Bowling Stroker Style
If you have a modest average ball speed at about 15 - 16 miles per hour, you could be classified as one who uses a bowling “stroker” style. Bowling stroker players typically have between 225 and 275 revolutions per minute as the measured “rev-rate” on their bowling balls
The bowling stroker style is a common and widely used type of release among competitive players throughout the world. This style is a good one to help you develop your game, if you are not already a powerful bowler using a high ball speed and a high level of rev-rate.
The stroker delivery technique is one which is very versatile on many types of conditions and from most angles on playing the lanes. This style is best suited when you can play a fairly straight angle down the lane to the pocket for those of you who do not hook the ball much.
This style is also referred to as an up-the-boards angle of delivery.
A stroker bowler uses a relatively straight wrist position, with or without a wrist support device
, or perhaps a slightly tilted-back wrist position.
Most stroker bowlers have a low axis tilt producing a forward rolling direction on their bowling ball.
This delivery style applies a mild finger rotating action from either behind the ball or from the side of the bowling ball. Perhaps only one inch of finger rotation will help you control the amount of low axis tilt the stroker delivery generally produces.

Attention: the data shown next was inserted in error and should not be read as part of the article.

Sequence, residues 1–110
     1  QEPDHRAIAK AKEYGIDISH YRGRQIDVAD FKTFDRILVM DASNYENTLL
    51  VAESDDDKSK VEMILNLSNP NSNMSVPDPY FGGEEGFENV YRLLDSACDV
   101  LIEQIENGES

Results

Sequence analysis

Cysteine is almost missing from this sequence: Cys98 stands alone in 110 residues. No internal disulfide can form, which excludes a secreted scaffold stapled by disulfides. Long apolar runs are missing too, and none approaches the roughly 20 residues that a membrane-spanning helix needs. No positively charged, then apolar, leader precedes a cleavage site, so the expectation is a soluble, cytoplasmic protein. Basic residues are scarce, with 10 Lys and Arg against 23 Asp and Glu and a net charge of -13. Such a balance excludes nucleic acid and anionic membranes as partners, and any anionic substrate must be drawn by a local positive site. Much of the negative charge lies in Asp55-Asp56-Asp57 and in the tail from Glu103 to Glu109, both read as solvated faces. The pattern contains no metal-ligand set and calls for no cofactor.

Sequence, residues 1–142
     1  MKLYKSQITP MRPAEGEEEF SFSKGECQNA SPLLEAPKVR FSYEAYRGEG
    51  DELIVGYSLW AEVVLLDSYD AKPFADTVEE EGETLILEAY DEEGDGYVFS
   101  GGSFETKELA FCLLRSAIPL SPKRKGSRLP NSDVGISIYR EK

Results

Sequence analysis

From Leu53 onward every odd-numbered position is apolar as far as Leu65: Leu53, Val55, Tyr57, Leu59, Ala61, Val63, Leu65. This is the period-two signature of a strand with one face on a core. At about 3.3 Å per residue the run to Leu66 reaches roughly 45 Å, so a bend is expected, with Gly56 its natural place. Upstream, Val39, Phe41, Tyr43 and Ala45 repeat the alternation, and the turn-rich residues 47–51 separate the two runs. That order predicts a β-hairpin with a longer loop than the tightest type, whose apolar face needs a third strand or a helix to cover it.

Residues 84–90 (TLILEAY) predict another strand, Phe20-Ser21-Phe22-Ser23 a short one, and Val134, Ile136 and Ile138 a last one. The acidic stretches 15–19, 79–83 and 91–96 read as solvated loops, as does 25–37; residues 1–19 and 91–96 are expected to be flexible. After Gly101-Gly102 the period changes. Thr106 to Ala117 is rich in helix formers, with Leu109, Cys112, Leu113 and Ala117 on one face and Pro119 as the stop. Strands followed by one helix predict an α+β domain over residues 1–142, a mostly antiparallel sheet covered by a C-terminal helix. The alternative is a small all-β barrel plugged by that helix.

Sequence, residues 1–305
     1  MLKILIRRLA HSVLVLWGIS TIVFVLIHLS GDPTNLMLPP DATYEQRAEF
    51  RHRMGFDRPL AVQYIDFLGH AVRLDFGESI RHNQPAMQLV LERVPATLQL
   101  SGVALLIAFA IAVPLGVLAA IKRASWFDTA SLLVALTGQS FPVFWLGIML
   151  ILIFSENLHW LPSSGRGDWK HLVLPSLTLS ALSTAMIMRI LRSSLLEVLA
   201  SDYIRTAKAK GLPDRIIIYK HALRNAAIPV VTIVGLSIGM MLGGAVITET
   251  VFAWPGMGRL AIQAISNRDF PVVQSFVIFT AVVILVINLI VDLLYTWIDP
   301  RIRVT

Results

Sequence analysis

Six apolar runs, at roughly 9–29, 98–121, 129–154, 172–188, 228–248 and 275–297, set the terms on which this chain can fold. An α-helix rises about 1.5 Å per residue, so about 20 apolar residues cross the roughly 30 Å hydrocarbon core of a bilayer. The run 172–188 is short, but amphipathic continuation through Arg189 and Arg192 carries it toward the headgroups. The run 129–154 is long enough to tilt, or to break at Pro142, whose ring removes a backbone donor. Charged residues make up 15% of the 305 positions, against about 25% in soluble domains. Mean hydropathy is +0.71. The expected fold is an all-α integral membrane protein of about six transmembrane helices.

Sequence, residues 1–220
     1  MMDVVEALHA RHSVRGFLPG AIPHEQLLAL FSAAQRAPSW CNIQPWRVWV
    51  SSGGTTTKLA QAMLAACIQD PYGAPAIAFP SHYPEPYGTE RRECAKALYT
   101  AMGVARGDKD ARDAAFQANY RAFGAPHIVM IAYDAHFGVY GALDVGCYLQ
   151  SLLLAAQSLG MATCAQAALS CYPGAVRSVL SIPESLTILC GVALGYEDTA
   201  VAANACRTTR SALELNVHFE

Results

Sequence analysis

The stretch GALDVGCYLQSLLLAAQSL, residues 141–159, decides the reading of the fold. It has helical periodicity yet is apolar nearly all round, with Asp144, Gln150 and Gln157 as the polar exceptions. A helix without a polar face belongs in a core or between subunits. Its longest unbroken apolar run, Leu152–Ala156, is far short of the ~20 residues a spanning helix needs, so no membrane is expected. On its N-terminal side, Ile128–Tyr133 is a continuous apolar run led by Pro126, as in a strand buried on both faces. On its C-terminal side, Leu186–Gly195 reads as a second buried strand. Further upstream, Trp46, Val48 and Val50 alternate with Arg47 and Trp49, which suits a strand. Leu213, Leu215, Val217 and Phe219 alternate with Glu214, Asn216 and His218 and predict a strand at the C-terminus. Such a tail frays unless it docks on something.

A stroker bowler usually has about a shoulder high back swing with a slow to medium range in ball speed. Many stroker type players use a gravity swing whereby the force of gravity allows the bowling ball to swing freely back and through with little tension in the arm and little control with the bowling hand.
The stroker generates about a 18 miles per hour (mph) launch velocity with an instantaneous velocity at impact with the pins of about 14-15 mph and with an overall, average velocity of 16 - 17 mph.
If you use a slightly slower average ball speed, you are also considered as using a stroker type style.
This delivery produces a small bowling ball hook-motion on the back end of the lane with a measurement of about 4 - 5 degrees angle of entry into the pocket.
The stroker release is a very common release among amateur players because it produces a controllable yet effective bowling ball motion used to follow the oil pattern on a given lane and thereby produces a high percentage of pocket hits and spare conversions.
If you are a stroker type player, you want to focus on ball speed control so you can make sensible lane adjustments and alignment decisions on given lane conditions. Controlling your ball speed is an important key in maintaining accuracy.